Scotland’s weather leaned more toward winter in early March, so I went with winter fabrics, plaids, and darker colors. My favorite color is red so you’ll usually see at least one red scarf in my photos. Go with your favorite color combinations here, and maybe match your bag or travel manicure to it!
Packing for Scotland: Travel Bags
When traveling to Europe I bring one suitcase to check, one carry-on and one cross-body day bag. When making your flight, pack a few of your toiletries, a scarf, and perhaps one outfit in your carry-on, just in case your checked suitcase doesn’t arrive when you do.
Here I am boarding the train in Edinburgh with all my bags. I traveled solo on this trip and had no trouble managing these myself.
For my day bag, I prefer to use a cross-body version with lots of zippered compartments in a color that goes with all my outfits. There’s a danger in Europe of falling victim to pickpocketing, especially on public transportation and crowded areas, so having a bag with zippered compartments allows you to protect valuables such as your money and passport. Keep what you need in the same place in your bag throughout the trip and you’ll never be digging for it.
Here’s an example of one I’d recommend. These come in darker colors such as black and deep red, which I would personally prefer as they’d show less dirt and wear. Whatever bag you choose will be across your body every day, all day, for the entire trip. Choose one that’s comfortable and durable.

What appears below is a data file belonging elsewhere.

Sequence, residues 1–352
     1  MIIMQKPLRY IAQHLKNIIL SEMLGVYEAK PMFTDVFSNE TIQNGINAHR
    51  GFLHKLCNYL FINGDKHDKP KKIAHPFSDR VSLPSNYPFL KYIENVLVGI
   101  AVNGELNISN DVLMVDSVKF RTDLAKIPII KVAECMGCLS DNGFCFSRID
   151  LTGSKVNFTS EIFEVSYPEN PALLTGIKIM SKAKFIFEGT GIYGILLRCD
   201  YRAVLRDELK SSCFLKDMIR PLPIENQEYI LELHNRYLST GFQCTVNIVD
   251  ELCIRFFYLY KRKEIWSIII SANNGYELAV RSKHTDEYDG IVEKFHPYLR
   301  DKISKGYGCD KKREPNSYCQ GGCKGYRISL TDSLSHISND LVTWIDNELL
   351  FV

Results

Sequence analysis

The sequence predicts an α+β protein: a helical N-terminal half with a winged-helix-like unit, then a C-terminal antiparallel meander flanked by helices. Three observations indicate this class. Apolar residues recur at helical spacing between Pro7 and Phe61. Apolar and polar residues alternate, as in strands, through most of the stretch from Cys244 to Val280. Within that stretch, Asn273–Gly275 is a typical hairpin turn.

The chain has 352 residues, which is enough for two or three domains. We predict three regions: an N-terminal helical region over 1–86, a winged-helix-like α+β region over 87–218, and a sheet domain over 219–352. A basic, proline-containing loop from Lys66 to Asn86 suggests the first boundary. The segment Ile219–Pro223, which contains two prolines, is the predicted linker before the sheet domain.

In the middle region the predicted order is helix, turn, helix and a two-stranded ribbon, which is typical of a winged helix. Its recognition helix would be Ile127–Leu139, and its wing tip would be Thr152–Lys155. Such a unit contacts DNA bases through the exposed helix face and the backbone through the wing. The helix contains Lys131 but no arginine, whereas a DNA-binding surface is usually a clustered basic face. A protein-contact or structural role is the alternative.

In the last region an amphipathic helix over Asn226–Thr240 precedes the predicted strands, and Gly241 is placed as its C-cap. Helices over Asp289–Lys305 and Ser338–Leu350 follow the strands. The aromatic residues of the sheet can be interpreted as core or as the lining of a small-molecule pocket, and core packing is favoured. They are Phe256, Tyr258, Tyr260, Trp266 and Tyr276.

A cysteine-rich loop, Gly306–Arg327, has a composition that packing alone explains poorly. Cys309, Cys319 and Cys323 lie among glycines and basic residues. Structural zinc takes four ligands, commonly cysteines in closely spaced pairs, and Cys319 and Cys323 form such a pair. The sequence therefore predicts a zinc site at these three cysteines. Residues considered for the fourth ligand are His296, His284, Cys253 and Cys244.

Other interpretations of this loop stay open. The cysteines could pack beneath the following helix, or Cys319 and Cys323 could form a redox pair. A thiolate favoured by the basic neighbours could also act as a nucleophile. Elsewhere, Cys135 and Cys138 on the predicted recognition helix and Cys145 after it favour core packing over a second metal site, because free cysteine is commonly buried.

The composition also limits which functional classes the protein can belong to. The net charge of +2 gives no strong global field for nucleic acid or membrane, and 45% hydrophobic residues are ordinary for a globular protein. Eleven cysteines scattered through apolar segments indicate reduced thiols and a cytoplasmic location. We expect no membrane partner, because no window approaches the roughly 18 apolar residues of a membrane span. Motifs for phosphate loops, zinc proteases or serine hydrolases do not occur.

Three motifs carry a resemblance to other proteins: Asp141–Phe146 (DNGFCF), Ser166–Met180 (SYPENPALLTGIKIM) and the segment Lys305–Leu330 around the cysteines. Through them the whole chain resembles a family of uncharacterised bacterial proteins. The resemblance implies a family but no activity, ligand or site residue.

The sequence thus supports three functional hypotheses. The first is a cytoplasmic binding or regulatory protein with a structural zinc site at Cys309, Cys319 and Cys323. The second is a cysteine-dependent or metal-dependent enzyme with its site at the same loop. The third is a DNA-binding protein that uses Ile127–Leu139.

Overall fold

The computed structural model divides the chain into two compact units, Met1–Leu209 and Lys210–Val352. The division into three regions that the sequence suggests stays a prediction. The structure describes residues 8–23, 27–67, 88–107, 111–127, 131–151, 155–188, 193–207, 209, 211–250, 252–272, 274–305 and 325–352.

What to Pack for Scotland: Makeup and Accessories
Even when in Scotland, known for dreary, rainy weather, keep in mind that you’ll most likely be outside touring the majority of the day. For this reason, no matter where I travel, I choose a foundation with built-in sunscreen. Bring a good lip protectant like chapstick or vaseline to avoid chapping, and a couple of your favorite lipsticks that highlight your scarves and outfits. Keep the fuss to a minimum and avoid anything you need to reapply often. Leave valuable jewelry at home and, if you want, opt for costume jewelry. But like everything else, keep it simple.
Bring a great pair of sunglasses for those sunny days, a small umbrella in case of rain, and keep a pair of gloves handy in case it gets cold, especially in the evenings. A simple pair of black leather gloves will go with everything and stay good-looking even if they do get wet or slightly dirty.
What to Wear in Scotland in Spring: Outfits
Did I mention you’d be wearing your coat every day during most springtime trips? For this reason for my day-to-day outfits I pack a variety of neutral layers such as dressy leggings, light and fitted turtleneck sweaters, loose blouses, and comfortable pants, all with a slim profile so as to not be bulky under my coat. You’ll still look great when you take off your coat for lunches or indoor tours, but you won’t feel weighed down. Chose items you can wear multiple times mixed and matched.
For your overnight flight to and from, I recommend leggings and a loose, long shirt or a jumpsuit like the one here with a cute scarf ready in your carry-on for when you arrive. This allows for maximum comfort during that long flight and an easy transition through TSA security.
That’s it! Pack lightly but smartly and you’ll be ready for anything, plus you’ll have room for those cashmere scarves and your new kilt!